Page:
x86_64 mail servers

Mailscanner mailscanner at mckerrs.net
Thu Feb 9 11:28:05 GMT 2006

Mark Nienberg wrote:

> Matt Kettler wrote:
>> Mark Nienberg wrote:
>>> I've seen comments on this list that the x86_64 didn't seem to make
>>> much
>>> difference and I admit it is simpler to use the plain x86 version, but
>>> it bothers me a little to intentionally not use the software that is
>>> specifically configured for the chip.
>> Why does it bother you?
>> Theoretically x86-64 should be slightly slower for most uses unless you:
>> 1) have a process that needs > 4gb of virtual address space
>>     -or-
>> 2) does a lot of 64 bit math that can't be performed with SSE
>> The ability to have huge processes and large amounts of physical ram
>> is the
>> primary benefit of using a 64 bit computing architecture. The
>> drawback is that
>> pointers become larger, taking up more memory, and causing more
>> memory I/O than
>> would be needed if the app was 32bit. Unless you're actually using
>> the larger
>> memory space you're increasing overhead without any benefit
>> whatsoever. Very few
>> apps have such large memory footprints outside the realm of scientific
>> simulation or massive database crunching.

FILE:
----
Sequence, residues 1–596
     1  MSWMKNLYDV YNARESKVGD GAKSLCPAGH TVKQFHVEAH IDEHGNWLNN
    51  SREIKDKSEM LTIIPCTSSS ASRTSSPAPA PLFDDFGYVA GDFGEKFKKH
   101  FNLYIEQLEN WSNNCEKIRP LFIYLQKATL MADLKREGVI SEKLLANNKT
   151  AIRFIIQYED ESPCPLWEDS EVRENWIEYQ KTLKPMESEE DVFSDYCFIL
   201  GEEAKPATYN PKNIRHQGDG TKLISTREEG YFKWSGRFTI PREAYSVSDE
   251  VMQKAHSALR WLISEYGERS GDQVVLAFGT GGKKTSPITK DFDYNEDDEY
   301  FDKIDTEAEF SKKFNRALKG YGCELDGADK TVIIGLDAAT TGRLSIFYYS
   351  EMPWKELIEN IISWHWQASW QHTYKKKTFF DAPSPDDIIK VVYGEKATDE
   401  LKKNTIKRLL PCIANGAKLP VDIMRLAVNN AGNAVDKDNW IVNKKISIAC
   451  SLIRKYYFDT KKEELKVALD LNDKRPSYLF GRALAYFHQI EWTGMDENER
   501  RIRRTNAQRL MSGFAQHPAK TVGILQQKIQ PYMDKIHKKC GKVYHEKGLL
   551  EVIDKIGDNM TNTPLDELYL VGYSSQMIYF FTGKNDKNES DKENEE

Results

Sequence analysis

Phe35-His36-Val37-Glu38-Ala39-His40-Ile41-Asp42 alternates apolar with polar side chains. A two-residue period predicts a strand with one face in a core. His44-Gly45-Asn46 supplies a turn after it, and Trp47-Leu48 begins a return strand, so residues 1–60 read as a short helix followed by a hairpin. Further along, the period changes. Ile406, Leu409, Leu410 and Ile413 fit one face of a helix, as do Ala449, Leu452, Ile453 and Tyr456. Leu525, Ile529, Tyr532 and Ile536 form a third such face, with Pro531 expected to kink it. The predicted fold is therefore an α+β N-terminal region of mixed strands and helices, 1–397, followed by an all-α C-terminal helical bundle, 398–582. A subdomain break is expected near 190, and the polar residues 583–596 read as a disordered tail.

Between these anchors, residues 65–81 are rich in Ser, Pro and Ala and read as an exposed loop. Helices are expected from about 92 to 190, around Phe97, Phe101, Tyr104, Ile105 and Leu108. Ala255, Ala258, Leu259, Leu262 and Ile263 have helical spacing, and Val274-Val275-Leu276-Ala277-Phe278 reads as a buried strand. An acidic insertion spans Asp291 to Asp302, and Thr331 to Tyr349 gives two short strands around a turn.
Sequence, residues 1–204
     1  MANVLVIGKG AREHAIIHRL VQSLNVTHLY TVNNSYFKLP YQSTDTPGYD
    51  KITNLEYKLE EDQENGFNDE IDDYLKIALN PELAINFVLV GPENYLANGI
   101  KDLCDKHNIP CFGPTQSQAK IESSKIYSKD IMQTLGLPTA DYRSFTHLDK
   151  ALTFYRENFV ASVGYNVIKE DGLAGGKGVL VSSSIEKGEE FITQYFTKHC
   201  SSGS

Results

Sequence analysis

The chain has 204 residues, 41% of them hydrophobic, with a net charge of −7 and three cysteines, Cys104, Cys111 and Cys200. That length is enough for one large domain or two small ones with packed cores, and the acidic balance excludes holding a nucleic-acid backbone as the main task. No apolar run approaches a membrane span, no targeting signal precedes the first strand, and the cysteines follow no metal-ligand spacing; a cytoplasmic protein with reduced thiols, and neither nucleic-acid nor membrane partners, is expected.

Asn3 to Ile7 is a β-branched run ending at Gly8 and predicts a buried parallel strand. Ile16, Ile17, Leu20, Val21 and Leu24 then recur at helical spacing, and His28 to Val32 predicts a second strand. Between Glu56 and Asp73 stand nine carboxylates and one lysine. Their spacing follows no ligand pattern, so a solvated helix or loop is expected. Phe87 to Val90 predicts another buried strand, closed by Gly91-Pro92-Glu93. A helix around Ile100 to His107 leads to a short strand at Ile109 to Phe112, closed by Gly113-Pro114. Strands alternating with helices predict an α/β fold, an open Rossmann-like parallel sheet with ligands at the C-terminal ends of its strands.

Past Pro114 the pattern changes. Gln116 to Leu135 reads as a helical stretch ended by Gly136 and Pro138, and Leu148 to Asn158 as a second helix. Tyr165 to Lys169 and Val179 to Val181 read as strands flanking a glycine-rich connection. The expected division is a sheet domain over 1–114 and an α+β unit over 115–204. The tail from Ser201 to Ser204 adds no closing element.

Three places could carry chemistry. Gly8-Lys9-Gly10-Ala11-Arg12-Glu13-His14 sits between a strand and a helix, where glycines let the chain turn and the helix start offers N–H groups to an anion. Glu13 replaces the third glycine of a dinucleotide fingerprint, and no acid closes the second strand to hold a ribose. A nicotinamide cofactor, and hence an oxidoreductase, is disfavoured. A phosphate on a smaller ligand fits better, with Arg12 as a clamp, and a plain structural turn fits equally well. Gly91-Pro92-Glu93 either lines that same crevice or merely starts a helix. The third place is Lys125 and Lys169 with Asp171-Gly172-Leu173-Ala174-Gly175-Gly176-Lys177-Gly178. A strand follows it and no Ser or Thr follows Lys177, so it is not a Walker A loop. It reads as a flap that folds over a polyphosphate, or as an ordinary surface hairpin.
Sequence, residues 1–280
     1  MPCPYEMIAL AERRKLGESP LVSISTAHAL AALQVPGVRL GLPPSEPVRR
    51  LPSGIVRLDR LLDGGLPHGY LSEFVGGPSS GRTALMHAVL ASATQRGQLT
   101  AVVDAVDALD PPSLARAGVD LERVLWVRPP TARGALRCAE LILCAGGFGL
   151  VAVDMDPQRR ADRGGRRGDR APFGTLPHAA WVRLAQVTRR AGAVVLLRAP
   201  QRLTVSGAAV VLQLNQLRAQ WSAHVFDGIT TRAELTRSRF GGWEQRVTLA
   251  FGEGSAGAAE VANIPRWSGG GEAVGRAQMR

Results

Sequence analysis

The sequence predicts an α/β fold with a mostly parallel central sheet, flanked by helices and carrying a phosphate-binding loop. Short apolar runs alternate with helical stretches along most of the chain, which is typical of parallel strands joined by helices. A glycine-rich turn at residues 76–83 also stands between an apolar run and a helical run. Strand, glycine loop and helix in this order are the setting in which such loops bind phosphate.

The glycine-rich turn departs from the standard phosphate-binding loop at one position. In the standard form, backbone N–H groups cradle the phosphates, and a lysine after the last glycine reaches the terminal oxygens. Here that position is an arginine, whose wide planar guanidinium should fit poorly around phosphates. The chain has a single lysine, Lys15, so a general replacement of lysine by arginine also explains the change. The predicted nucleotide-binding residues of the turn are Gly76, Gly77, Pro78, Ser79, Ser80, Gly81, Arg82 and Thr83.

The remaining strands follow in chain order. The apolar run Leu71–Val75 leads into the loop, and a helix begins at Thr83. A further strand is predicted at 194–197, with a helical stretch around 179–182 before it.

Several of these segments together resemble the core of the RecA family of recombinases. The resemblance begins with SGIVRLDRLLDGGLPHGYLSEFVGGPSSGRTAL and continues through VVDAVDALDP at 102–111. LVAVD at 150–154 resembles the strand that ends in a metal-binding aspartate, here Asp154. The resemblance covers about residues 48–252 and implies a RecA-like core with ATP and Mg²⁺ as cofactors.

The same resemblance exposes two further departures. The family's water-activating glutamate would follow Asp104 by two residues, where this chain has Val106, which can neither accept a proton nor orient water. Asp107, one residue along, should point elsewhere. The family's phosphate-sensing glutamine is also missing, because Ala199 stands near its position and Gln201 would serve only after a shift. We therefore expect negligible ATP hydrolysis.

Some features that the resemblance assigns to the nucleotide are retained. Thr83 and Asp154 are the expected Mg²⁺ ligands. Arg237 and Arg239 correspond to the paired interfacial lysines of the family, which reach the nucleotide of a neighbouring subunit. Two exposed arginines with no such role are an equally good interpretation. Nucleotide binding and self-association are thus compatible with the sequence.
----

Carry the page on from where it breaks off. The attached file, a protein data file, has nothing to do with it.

>> The other benefit of a 64bit computing architecture is the ability to
>> do 64 bit
>> math operations in one instruction instead of a series of 32 bit
>> operations.
>> However, very few applications regularly have any use for 64 bit
>> operations
>> outside of crypto, some games, and high-end engineering/physics. Even
>> these
>> regularly get their needs filled by using SSE, so the 64-bit math
>> benefit is
>> very limited.
>> There's some benefit here to apps using 64-bit file offsets or 64 bit
>> time
>> format, but I've never seen a "regular" application where either kind of
>> calculation was performed often enough to have a noticeable impact on
>> performance. Some scientific simulations may do a lot of 64bit time
>> calculations, but most of those could readily use SSE for it.
> So I can take the easy way out and not feel guilty about it?  Fantastic!
> Thanks for your explanation.
> Mark Nienberg

One thing that the i386 version will do it disable AMD's cool 'n quiet.
It appears only to work when you run in 64bit mode. My server runs in my
garage so heat  (or lack thereof) is more imporant to me than a
'slightly' slower machine.

Has anyone quantified 'slightly' ?


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